I honestly didn't enjoy this about the book. Because it was so frequently used, I think that it drew away the suspense, if used sparingly, I think it could have enhanced the book and made Cynthia seemed much more competent
A protagonist who gets herself into dangerous situation at rare times is a much better story than one who finds herself in recklessly placed situation most of the time. It also looks bad considering the degree of competence, intelligence and spycraft needed for her work.

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Post by BuzzingQuill » 05 Jun 2019, 06:22

Ferdinand_otieno wrote:
05 Jun 2019, 06:09
BuzzingQuill wrote:
05 Jun 2019, 05:59
Ferdinand_otieno wrote:
01 Jun 2019, 09:04
Did you feel that a protagonist who seemed to be in ever present danger and just barely survived was good for the book? Did she make the story more thrilling?
I honestly didn't enjoy this about the book. Because it was so frequently used, I think that it drew away the suspense, if used sparingly, I think it could have enhanced the book and made Cynthia seemed much more competent
I agree with you completely. If it had been used sparingly, it would have been something to look forward to , maybe hint at something major in the chapter. But ad it was used, it became commonplace and distracting.
I truly do believe this book had quite a lot of potential. If adjustments were made to the story, like fixing the suspense issue, I think Mercer would have a perfectly good book on her hands

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Post by BuzzingQuill » 05 Jun 2019, 06:28

Ferdinand_otieno wrote:
05 Jun 2019, 06:15
BuzzingQuill wrote:
05 Jun 2019, 05:59
Ferdinand_otieno wrote:
01 Jun 2019, 09:04
Did you feel that a protagonist who seemed to be in ever present danger and just barely survived was good for the book? Did she make the story more thrilling?
I honestly didn't enjoy this about the book. Because it was so frequently used, I think that it drew away the suspense, if used sparingly, I think it could have enhanced the book and made Cynthia seemed much more competent
A protagonist who gets herself into dangerous situation at rare times is a much better story than one who finds herself in recklessly placed situation most of the time. It also looks bad considering the degree of competence, intelligence and spycraft needed for her work.
Couldn't have put it any better myself. As some who aspires to write professionally one day, I believe its incredibly vital to have your characters react to situations in a way that only enhances the idea of who that character is in the reader's mind. I feel as if Cynthia didn't act in accordance with who she was supposed to be rather she acted in ways designed to service the plot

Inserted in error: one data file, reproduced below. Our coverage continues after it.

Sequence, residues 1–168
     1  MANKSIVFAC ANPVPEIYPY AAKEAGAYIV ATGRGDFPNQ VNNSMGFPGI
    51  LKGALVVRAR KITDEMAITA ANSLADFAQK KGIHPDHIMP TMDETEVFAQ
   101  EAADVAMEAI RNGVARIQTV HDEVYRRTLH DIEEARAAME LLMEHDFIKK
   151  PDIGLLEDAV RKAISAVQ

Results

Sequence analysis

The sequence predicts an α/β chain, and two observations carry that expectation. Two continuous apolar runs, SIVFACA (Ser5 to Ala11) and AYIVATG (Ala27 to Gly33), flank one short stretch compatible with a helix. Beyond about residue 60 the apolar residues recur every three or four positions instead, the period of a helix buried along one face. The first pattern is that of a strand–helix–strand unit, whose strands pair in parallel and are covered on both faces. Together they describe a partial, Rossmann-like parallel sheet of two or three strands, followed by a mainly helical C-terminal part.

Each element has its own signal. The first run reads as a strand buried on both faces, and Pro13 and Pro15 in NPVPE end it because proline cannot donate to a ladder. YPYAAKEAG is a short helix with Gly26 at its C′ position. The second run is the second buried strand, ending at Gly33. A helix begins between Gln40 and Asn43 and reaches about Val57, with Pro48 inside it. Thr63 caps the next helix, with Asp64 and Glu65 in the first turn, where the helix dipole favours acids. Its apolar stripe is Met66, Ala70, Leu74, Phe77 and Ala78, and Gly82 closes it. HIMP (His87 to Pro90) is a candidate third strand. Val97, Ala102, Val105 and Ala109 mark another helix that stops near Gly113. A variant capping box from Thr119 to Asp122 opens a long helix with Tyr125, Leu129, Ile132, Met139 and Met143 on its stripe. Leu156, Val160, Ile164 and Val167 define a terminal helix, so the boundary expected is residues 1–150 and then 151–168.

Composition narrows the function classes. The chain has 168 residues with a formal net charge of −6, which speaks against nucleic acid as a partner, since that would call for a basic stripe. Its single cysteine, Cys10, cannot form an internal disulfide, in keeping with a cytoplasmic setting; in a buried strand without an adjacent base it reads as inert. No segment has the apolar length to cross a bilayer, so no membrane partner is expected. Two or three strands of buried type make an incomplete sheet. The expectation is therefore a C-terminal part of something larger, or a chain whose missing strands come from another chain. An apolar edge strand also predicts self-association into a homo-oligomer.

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Post by DC Brown » 05 Jun 2019, 10:03

cpru68 wrote:
03 Jun 2019, 01:52
I thought her actions of going to a stranger’s apartment was ridiculous. For someone who is fighting terrorism and has training on how to be safe, that was just crazy to me. She seemed weak and not at all a strong female in the book. The constant foreshadowing of a pregnancy was also weird. She kept “forgetting” she possibly could be pregnant. That was so unrealistic to me for a woman who was supposed to be so intelligent.
I absolutely agree. First, she has this great idea to fight terrorism, and the next thing you know she's under some complete strangers spell, giving him all kinds of information. Cynthia was definitely not my favorite character. I'd have to say Tim and Garth were better characters!

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Post by DC Brown » 05 Jun 2019, 10:09

Ferdinand_otieno wrote:
04 Jun 2019, 23:01
Stephanie Elizabeth wrote:
02 Jun 2019, 07:53
sarahmarlowe wrote:
01 Jun 2019, 19:31


I didn't like Cynthia as a protagonist from early in the book. I found her dimwitted about her surroundings, getting herself into danger as much as having danger find her. For example, when she meets Sky, she trusts him enough to give him the make, model, and tag number of her unlocked, keys-in-it car? Good grief. And then she is happy that "his friend" has taken care of it? She's not my definition of a strong female character. Or strong any kind of character. I don't think she made the story thrilling, more like frustrating.
I completely agree! Cynthia irritated me from the get-go because of her lack of common sense. Why would anyone go to a stranger's house after just meeting him? Sky seemed like he was the domineering type, and Cynthia quickly fell under his spell. I do feel that female protagonist should have included someone with common sense and a backbone, especially considering her job.